144

Graham Collier: Workpoints

Nic Jones By

Sign in to view read count
Graham Collier: Workpoints
With the often dubious benefit of hindsight it's possible to see bassist/composer/bandleader Graham Collier as something of a catalyst in the British jazz scene of the late 1960s and 1970s. The two discs here certainly lend substance to that impression, bringing together two different bands, with only Collier himself and trumpeter/flugelhornist Harry Beckett common to both, and two different sets of original Collier compositions.

Of these, "Workpoints" is significant because it was the first jazz work to receive a grant from the Arts Council of Great Britain, and to be sure it was money well spent. Despite the weighty sound that the twelve-piece band frequently achieves, the deftness of touch here belies the size of the force deployed. The composed elements of all four parts of the piece provide stimulus for the soloists, yet at the same time they do not restrict the ensemble's freedom of movement. Furthermore, the reflective moments in themselves prove that these were players who collectively, and again with the benefit of hindsight, blazed something of a trail for British jazz in the post bop idiom.

Whilst the notion of having each of the band's horn sections solo exclusively on a particular part is hardly radical, it is a logical enough way of getting acquainted with their styles, and the fact that the soloists are helpfully listed eliminates the guesswork that would otherwise be involved. As such, Dave Aaron's alto sax owes slight allegiance to Lee Konitz in terms of his dryness of tone, whilst Harry Beckett is himself, a fact which is always worthy of the listener's attention.

The second disc is a comparatively more freewheeling affair, and the overall feel of the music leans a lot more towards fusion. This is thanks in no small part to guitarist Ed Speight and Roger Dean's use of electric piano. Happily, however, the excesses of which that form was often guilty are absent here, despite the fact that "Little Ben," for example, runs for eighteen and a half minutes. Speight's tone, comparatively hard as it is, lends a great deal of individuality to the music, alongside Beckett and Art Themen, whose tenor sax was as quirkily individualistic then as it is now.

Given the overall nature of the date, there are perhaps inevitably some longeurs, but again the band's knowledge of and appreciation for restraint keeps the music cooking. Thirty odd years on it's good to have this music out there, and both sets serve as further evidence of a scene, and indeed a period, in which the music was being taken in directions from which a lot of people have shied away in the meantime. Is it any wonder people get nostalgic?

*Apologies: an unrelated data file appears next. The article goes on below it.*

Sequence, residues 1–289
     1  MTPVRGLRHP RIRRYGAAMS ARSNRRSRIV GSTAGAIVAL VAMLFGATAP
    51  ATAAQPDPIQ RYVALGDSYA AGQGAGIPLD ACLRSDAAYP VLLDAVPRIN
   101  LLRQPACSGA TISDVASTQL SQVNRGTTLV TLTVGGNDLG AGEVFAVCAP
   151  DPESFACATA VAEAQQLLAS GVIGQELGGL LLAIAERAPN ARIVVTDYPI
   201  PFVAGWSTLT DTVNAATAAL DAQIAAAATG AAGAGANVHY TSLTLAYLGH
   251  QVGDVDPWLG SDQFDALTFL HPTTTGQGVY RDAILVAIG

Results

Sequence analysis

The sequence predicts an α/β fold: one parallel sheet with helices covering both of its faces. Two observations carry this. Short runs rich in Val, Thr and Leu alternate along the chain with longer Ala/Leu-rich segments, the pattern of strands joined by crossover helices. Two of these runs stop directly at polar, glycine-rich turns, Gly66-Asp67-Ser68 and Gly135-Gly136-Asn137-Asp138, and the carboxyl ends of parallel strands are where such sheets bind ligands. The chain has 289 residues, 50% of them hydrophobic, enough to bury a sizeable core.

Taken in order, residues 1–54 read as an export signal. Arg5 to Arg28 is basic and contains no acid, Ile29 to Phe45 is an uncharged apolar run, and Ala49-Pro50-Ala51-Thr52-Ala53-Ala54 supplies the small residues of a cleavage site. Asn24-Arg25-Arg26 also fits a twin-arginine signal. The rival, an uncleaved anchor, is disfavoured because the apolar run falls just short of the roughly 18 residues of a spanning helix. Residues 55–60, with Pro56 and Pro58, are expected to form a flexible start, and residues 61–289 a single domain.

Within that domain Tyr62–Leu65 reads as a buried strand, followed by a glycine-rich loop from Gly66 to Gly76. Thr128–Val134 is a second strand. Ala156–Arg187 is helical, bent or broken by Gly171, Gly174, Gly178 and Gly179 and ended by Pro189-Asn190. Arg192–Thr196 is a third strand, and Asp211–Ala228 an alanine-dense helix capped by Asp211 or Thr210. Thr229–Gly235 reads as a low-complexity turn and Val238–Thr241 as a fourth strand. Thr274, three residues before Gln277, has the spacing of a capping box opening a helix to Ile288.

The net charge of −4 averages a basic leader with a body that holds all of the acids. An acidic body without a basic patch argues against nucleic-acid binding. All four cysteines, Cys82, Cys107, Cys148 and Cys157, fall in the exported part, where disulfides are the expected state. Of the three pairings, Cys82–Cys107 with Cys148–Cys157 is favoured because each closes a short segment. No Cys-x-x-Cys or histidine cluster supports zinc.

Track Listing

Disc One: Deep Dark Blue Centre; The Barley Mow; Workpoints Part One; Workpoints Part Two; Workpoints Part Three; Workpoints Part Four. Disc Two: Little Ben; Under the Pier; Darius Part One; Darius Part Three; Darius Part Four; Darius Part One Reprise; Clear Moon; Mackarel Sky.

Personnel

Disc One, Workpoints: Kenny Wheeler (trumpet, flugelhorn); Harry Beckett (trumpet, flugelhorn); Henry Lowther (trumpet, flugelhorn); Dave Aaron (alto, tenor and soprano saxophones, flute); John Surman (baritone and soprano saxophones, bass clarinet, piano); Karl Jenkins (baritone and soprano saxophones, oboe, piano); Chris Smith (trombone); Mike Gibbs (trombone); John Mumford (trombone, cowbell); Frank Ricotti (vibraphone, bongos); Graham Collier (bass, leader); John Marshall (drums). Disc Two, Live in Middleheim: Harry Beckett (trumpet, flugelhorn); Art Themen (tenor and soprano saxophone); Ed Speight (guitar); Roger Dean (piano, electric piano); Graham Collier (bass, leader); John Webb (drums).

Album information

Title: Workpoints | Year Released: 2005 | Record Label: Cuneiform Records

Post a comment about this album

Tags

Shop Amazon

More

Read HH
HH
Lionel Loueke
Read Secrets & Lies
Secrets & Lies
Jakko M. Jakszyk
Read Dominos
Dominos
Chuck Anderson
Read Ceremonie / Musique
Ceremonie / Musique
What Happens In A Year
Read Hypnotized
Hypnotized
Jason "Spicy G" Goldman
Read Molecular
Molecular
James Brandon Lewis

All About Jazz needs your support

Donate
All About Jazz & Jazz Near You were built to promote jazz music: both recorded and live events. We rely primarily on venues, festivals and musicians to promote their events through our platform. With club closures, shelter in place and an uncertain future, we've pivoted our platform to collect, promote and broadcast livestream concerts to support our jazz musician friends. This is a significant but neccesary effort that will help musicians now, and in the future. You can help offset the cost of this essential undertaking by making a donation today. In return, we'll deliver an ad-free experience (which includes hiding the bottom right video ad). Thank you.

Get more of a good thing

Our weekly newsletter highlights our top stories and includes your local jazz events calendar.